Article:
You Got Drones in My Huddle Room
If you read our industry press at all (and I hope you do) you will note large numbers of articles on two subjects:
1. The “Huddle Room”
When two subjects like these fascinate an industry, it is almost inevitable that they combine in some way.
(I consider this the “you got peanut butter on my chocolate” philosophy of product development).
Don’t get me started on drones. I have devoted parts of previous columns to the fact that our industry has gone drone happy. However, I have mostly referred to the kind that you worry about getting caught in the intake of a jetliner.
Now, not everyone with the drone is an annoying neighbor. Drones are used for lots of useful purposes like site surveys, damage assessment and getting that aerial shot of a company’s entire staff in the parking lot that seems to be necessary for all corporate videos now. So let’s just say that some drones are really useful. We will come back to them.
The “huddle room” is yet another fast-growing segment of the industry, even if nobody can agree on the precise actual definition and what makes it different from any other small meeting room. (As a U.S. Supreme Court justice once said, “[I can’t define it], but I know it when I see it.“) It seems that the concept developed mostly because of the growing need for connected meeting rooms for team collaboration. Interestingly, I see many of them in use and lots of times they consist of a small circle of people, each staring into their own notebook computer and sharing things online. However, the important thing about the huddle room is that it is a connected room, and those people are also participating with colleagues in other locations. In this way, the huddle room has gone a long way toward equalizing participation between the near end and the far end, which is a traditional problem in what we call “telepresence.”
But the huddle room itself can go only so far towards the inclusion of remote participants. The biggest portion of this has to do with confinement to the room itself. I participate in a lot of videoconferences (forgive me, telepresence meetings) and I am always left wondering the same thing that everybody wonders when they are a distant participant, namely “I wonder what they’re saying outside the room.” Meetings often include lunch, dinner or some other “out of the room” event, during which decisions are often made. I have participated in many meetings where we break for lunch or even for coffee and when I return the discussion has changed because of something that happened at the water cooler.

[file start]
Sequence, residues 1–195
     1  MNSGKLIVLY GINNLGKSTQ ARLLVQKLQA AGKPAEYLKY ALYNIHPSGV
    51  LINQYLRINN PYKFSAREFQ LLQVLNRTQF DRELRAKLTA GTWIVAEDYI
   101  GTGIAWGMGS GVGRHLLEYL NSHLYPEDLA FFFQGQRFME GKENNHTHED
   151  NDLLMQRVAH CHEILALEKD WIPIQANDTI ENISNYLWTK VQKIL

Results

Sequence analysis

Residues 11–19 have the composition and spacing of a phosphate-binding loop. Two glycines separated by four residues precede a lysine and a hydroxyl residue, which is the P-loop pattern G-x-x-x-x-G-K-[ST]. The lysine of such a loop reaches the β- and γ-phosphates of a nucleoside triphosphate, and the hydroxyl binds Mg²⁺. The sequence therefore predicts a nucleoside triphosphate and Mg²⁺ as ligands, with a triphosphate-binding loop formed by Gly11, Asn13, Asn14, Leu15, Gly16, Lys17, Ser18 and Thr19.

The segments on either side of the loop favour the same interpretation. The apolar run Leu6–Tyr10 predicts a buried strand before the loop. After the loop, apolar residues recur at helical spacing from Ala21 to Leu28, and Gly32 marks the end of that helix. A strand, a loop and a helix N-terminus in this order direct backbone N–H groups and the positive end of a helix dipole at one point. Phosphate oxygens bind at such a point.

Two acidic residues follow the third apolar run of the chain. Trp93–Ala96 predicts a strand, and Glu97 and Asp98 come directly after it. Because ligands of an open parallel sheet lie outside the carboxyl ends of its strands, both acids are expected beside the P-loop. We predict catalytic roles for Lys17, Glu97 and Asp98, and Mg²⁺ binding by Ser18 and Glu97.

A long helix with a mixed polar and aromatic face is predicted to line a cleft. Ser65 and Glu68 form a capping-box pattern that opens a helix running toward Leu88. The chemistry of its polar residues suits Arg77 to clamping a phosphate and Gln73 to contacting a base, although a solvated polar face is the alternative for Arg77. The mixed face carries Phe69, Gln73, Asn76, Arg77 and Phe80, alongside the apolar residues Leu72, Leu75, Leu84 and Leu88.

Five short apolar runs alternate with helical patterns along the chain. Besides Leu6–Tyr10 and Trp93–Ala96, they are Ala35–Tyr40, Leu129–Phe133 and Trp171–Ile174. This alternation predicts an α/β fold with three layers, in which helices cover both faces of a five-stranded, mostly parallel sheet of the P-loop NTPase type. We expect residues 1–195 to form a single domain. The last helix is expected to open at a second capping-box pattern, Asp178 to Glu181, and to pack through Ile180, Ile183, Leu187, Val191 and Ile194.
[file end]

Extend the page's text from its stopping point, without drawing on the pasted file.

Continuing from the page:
Enter the drone. Or, as we term it in the industry, the teleconferencing robot. For the last couple of years, I have extensively used an inexpensive teleconferencing robot from DoubleRobotics, which uses an iPad for its intelligence (and which shows the face of the distant participant, becoming the “head” of the robot).
Drones (or, more properly, remotely operated vehicles) fulfill a function. In an aerial drone, they allow us to experience flight while standing on the ground. In a telepresence meeting, they allow us to wander. Using a telepresence robot, you can participate in some of the things that happen at a meeting without actually having to travel to the site. For instance, I have recently participated in a tour of a new world headquarters and a tour of a plant floor, in two cities, on the same day. I have made a presentation, recorded the meetings and taken photographs during the tour. Unfortunately, I have also failed to check my battery level before a meeting, but, hey — I’m learning.
But the important function of a teleconferencing drone or robot is a psychological one that is often underappreciated. The robot puts you at the table with a presence in the room. Beginning with Marshall McLuhan, we have understood that the feeling of “presence” is one of the things that keeps us mentally attached in a meeting or event. I know that not only do I feel more conscious of the fact that the robot is in the room, leading me to NOT check my email or watch the latest YouTube video when the conversation got boring, but it’s also a constant reminder to the rest of the group that I am an equal participant. This feeling of presence and equality is one of the reasons that I have long been a proponent of virtual reality meetings. But that is another story. In the meantime, I will wobble around to today’s conferences in my robot.
However: Could somebody please open the door to the meeting room? I’m a little late, I had to wait for somebody to come along and punch the elevator button for me.
On a final, quasi-related note, please enjoy this “videoconferencing in real life” video:
Top images via DoubleRobotics